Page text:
When are people ready? How are people ready? And you start to, when you reflect these kinds of questions through the timeline, you start to realize like, oh, that's what I should be doing. Here's how I should do it. So it gives you a frame to start to think about marketing, a sales and, and customer [00:53:00] success.
But it also starts to identify kind of the interdependence between them and the, the things you have to, we still have to create in order to actually make the, the, the system as a whole better to enable people to make progress as opposed to how do we make marketing better? How do we make sales better?
How do we make customer success better?
Marcus Cauchi: Well, the sacrifice I'm seeing is, people are sacrificing effectiveness for efficiency.
Bob Moesta: Yep.
Marcus Cauchi: And this is where the massive growth in some fabulously well thought through tools in marketing automation, sales enablement, all of that kind of stuff. A good tool used badly is probably worse than doing nothing.
Yeah, for sure. There are a couple of examples of this came across. Uh, one client in mind, they were doing 600 free downloads a month and they converted one every two months from those downloads. So their system actually were, wasn't serving them because they were doing demos to people who could not buy.
And they were tying [00:54:00] up salespeople to have 1200 conversations with people who were not in a position not willing or not able to buy. Came across another company and they had 125 million pounds worth of marketing qualified opportunities, of which they converted 7 million.
How on earth can you possibly believe that that is a good way to run a business?
Marcus Cauchi: Now, how on earth can you possibly believe that that is a good way to run a business? That strikes me as complete idiocy.
Bob Moesta: Yeah. So that's one of the things where I feel like as, as a little bit of an outsider to the sales, I've run sales organizations, I, I would consider myself more, uh, an innovator and an engineer than a salesperson. But at the same time, the fact is, is like somebody from the outside has to start calling people out on this stuff.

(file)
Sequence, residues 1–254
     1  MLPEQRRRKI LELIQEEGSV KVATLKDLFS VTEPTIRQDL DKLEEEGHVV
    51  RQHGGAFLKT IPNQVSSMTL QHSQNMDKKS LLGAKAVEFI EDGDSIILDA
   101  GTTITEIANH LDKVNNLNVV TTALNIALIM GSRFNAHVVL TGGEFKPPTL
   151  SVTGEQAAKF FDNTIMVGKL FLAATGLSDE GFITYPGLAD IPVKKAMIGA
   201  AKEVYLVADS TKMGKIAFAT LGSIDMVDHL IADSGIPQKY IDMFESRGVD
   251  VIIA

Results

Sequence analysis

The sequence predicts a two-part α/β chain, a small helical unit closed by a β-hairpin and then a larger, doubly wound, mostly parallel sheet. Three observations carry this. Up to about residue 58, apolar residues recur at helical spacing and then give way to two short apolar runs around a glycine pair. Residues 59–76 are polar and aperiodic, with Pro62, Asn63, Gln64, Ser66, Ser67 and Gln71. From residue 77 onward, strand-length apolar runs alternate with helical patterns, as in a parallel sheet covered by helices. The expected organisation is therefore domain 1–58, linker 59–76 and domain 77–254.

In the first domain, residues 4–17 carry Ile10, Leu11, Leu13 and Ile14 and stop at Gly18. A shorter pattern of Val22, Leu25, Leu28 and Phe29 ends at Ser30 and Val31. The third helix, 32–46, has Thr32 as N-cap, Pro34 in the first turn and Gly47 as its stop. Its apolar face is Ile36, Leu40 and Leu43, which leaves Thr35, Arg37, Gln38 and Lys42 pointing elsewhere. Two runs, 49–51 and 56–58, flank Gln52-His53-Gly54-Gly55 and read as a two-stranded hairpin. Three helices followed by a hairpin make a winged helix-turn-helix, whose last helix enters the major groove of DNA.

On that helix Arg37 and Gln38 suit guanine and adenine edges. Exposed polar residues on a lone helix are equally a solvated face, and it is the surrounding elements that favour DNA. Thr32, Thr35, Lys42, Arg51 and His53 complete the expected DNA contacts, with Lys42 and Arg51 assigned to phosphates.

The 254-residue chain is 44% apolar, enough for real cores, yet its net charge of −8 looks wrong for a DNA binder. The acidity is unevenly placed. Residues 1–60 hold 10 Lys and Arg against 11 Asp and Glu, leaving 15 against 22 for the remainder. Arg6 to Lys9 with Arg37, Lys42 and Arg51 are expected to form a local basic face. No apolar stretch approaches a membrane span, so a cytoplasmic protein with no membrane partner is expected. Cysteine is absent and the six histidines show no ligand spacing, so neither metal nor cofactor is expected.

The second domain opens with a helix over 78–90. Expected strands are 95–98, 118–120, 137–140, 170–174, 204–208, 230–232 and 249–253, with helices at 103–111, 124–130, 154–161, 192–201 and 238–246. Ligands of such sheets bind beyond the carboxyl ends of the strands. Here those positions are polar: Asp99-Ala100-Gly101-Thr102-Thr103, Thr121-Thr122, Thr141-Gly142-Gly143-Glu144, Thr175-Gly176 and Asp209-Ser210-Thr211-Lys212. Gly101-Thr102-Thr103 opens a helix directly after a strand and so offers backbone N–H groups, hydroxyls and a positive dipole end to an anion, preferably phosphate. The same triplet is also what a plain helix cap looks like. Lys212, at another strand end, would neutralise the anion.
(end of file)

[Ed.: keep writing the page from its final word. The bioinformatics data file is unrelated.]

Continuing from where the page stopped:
And so it's people, it's very hard to call people out from the inside. And so what I wanna be able to do is, is start to have these conversations from the outside and people go like, you know, we have that problem, or we, that's exactly where we're at. We need to think about it that way. Cuz, cuz nobody's actually having these kinds of [00:55:00] conversations.
And, and at the same time it's like, well it's always been that way. It's like, yeah, but maybe we need to change the way we generate leads. Maybe it, maybe we actually have to think about things in a different way. Like it's, it's one of those things where they just accept it because it's there. But then here's the thing is when they start to change, they actually don't know what to change to and they don't know what better really means.
And so the fact is, is that this is what holds them to say like, well it's too much work cuz I, I have to run the process. They don't give people time to work on the business, they just work in the business. And so this is where I wanna, I wanna start to have people take, you know, where every company I've built, I've given people at least 20% of their time to work on the business as opposed to just work in the business.
In the book, I have this, uh, technique we use all the time. It's called Game On, Game Off. Game On is where we talk about the content. We're talking about working in the business. So we'll be in the middle of a meeting, we'll be talking about something specific, and I'll say, game off. Game off means. Now let's talk about the process we're [00:56:00] using to do this.
Do we need to change it? Is this not working? Is there a better way to do this? Okay, game back on. Let's now, now talk about the content this way. Very interesting. And, and so it's this aspect of enabling people to talk about the process as opposed to just bitch about the outcomes.
Marcus Cauchi: One of the most valuable lessons anyone can ever learn is that if you want better answers, you have to ask better questions.
And I think part of the problem is that if you come from a particular perspective, there was Einstein's definition around this, which is you, you cannot solve a problem by tackling it from the position that created it. And you need to be able to step back and you have to ask yourself challenging.
Why do we do it that way? When did we start and was it ever relevant? And is it still relevant today?
Marcus Cauchi: Difficult, uncomfortable, often naive questions. Basic question is, well, why do we do it that way? When did we start and was it ever relevant? And is it still relevant today? I have found this conversation incredibly enlightening, and I would love to have you back [00:57:00] to go through 201 and 301 as they're evolving.